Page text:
Uncle William Cooper’s human rights legacy immortalised in Shepparton

The story of the Indigenous Elder William Cooper may not be widely known, but it is a story of courage, humanity and inspiration.
William Cooper (1860 – 1941) was a Yorta Yorta man, an Aboriginal activist and a human rights advocate. He was the founder of the Australian Aborigines League and he is also known as the Father of the National Aboriginal and Islander Day Observance Committee (NAIDOC), an annual event that is celebrated to this day.
In March 2018 a bronze statue of William Cooper was unveiled at the Queens Gardens in Shepparton. At the official ceremony, the Executive Chair of the Kaiela Institute, fellow Yorta Yorta Elder Paul Briggs said, “The unveiling of this statue is a symbolic testament to Uncle William’s character, values, and enormous contribution to humanity and to the survival of the Yorta Yorta people.”
But it wasn’t just his own people that Uncle William was concerned for. His actions in the lead-up to the Second World War hold a very special place in the collective memory of the Jewish community in Australia.
In late 1938 an infamous event, Kristallnacht, took place in Germany (“The Night of Broken Glass”, when German Jews were attacked, arrested and taken to Nazi concentration camps). After learning about it, William Cooper petitioned the German Consulate in Melbourne, protesting at the appalling treatment of Jews at the hands of the Nazi Party and demanding that they stop such persecution. The Consulate did not accept the petition.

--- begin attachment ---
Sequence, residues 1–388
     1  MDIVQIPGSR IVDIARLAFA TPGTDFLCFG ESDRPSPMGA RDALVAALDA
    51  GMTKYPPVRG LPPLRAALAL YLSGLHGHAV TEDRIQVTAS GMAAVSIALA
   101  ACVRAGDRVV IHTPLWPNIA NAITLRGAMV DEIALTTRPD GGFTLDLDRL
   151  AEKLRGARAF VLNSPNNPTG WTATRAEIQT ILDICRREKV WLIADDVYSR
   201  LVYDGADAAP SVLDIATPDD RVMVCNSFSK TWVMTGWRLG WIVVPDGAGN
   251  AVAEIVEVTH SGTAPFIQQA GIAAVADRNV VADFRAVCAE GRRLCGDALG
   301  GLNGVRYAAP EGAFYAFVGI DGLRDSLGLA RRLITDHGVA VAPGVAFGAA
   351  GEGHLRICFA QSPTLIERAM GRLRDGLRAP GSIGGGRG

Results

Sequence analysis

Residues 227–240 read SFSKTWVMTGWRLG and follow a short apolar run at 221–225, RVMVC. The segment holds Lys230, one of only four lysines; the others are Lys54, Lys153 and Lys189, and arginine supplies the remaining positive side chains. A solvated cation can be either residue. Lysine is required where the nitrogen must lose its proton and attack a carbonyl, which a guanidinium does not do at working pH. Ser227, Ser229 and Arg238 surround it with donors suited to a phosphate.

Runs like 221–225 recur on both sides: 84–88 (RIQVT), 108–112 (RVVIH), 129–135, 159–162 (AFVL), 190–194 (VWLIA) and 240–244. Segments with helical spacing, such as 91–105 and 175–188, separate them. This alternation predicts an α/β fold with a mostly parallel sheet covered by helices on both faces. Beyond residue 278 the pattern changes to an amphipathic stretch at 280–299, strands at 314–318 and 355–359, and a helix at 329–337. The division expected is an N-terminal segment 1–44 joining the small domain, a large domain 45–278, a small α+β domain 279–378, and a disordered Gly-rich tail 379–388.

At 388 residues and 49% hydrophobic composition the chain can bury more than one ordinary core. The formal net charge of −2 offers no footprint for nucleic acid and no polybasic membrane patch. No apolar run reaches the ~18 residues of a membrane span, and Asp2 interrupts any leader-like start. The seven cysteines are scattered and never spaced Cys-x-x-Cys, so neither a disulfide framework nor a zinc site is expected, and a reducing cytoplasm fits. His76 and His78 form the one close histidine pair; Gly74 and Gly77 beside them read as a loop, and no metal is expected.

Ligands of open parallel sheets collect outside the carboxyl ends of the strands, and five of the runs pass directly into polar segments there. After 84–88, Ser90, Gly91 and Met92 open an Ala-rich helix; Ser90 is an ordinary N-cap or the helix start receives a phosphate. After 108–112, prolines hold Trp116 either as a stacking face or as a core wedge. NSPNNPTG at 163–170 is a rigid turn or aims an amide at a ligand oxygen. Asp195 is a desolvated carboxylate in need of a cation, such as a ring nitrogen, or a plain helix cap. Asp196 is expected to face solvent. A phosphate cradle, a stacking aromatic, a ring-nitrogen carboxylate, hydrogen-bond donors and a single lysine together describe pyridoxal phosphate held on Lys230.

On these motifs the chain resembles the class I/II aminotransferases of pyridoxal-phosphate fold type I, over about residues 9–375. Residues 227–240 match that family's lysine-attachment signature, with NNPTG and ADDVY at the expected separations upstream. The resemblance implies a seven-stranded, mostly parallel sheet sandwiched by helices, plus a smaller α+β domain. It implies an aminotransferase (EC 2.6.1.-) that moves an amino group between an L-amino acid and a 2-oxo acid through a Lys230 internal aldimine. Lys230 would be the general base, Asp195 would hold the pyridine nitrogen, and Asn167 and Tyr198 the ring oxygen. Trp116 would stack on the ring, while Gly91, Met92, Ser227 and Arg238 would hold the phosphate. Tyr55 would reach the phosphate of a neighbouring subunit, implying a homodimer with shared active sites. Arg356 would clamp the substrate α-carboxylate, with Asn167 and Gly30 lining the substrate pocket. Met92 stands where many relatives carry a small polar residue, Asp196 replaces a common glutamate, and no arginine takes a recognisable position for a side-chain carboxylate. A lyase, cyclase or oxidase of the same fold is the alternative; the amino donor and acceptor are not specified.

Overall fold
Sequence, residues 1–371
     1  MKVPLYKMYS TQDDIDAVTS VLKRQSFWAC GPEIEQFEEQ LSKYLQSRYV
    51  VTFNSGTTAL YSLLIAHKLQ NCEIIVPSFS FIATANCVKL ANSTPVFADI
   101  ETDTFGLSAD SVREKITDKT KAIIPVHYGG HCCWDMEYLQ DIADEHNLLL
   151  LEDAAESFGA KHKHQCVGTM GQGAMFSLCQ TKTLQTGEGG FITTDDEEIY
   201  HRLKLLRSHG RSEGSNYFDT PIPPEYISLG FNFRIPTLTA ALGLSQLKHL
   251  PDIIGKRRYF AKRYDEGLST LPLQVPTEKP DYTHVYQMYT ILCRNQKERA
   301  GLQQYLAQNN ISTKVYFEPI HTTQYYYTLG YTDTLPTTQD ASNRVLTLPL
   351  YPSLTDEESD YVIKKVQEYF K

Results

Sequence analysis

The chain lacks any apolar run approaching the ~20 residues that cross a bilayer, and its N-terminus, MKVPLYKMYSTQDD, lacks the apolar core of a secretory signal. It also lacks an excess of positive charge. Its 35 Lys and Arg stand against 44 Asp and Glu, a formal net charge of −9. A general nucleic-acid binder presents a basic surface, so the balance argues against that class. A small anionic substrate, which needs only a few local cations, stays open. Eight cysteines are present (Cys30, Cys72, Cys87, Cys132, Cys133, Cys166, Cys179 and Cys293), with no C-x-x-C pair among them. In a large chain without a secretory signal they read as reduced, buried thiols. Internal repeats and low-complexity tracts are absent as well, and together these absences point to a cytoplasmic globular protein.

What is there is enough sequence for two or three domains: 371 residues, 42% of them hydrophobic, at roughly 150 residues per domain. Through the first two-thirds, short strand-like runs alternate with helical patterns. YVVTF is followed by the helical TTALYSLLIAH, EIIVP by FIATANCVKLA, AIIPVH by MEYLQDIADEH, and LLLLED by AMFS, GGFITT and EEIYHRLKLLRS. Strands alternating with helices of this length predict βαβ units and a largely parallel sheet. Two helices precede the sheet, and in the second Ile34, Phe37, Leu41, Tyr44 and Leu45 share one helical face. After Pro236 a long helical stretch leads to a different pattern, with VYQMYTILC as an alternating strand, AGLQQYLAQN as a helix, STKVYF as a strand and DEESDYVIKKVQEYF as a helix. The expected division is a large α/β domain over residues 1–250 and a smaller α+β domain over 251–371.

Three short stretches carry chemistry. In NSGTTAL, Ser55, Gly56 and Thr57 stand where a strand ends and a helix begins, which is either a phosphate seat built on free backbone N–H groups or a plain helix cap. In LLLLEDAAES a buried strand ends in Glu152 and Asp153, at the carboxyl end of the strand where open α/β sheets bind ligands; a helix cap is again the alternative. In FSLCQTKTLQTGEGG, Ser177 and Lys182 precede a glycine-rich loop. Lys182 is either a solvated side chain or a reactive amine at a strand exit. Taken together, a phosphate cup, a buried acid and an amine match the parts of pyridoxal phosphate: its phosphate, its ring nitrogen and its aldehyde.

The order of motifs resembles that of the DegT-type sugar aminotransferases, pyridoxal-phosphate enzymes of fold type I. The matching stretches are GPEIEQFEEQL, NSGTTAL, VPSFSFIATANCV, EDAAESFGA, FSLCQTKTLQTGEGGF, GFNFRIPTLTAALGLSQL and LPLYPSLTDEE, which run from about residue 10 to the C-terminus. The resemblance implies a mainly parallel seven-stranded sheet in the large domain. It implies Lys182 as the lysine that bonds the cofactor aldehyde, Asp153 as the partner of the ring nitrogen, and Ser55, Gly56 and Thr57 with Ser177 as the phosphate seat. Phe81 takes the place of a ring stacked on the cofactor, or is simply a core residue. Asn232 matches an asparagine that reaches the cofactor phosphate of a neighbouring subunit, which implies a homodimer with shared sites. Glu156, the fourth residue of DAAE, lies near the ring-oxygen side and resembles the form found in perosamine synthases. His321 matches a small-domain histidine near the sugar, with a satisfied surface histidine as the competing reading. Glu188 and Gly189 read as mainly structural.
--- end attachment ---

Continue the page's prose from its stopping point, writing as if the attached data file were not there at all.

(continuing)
Here was an individual who practically had no rights in his own country at that time, and yet was empathizing with the plight of people persecuted a world away.
The statue in Shepparton depicts William Cooper marching to the German Consulate, holding a petition in his hand. The original petition read: “On behalf of the Aboriginal inhabitants of Australia, we wish to have it registered and on record that we protest wholeheartedly at the cruel persecution of the Jewish people by the Nazi government in Germany. We plead that you would make it known to your government and its military leaders that this cruel persecution of their fellow citizens must be brought to an end.”
The funds for the statue were raised through the William Cooper Memorial Committee, led by the Director of Catholic Education Sandhurst, Paul Desmond. Gandel Foundation was one of the supporters to ensure this lasting memorial to Uncle William can be erected, together with other funders such as the Australian Community Foundation, the Beecher Family Fund, as well as numerous local donors.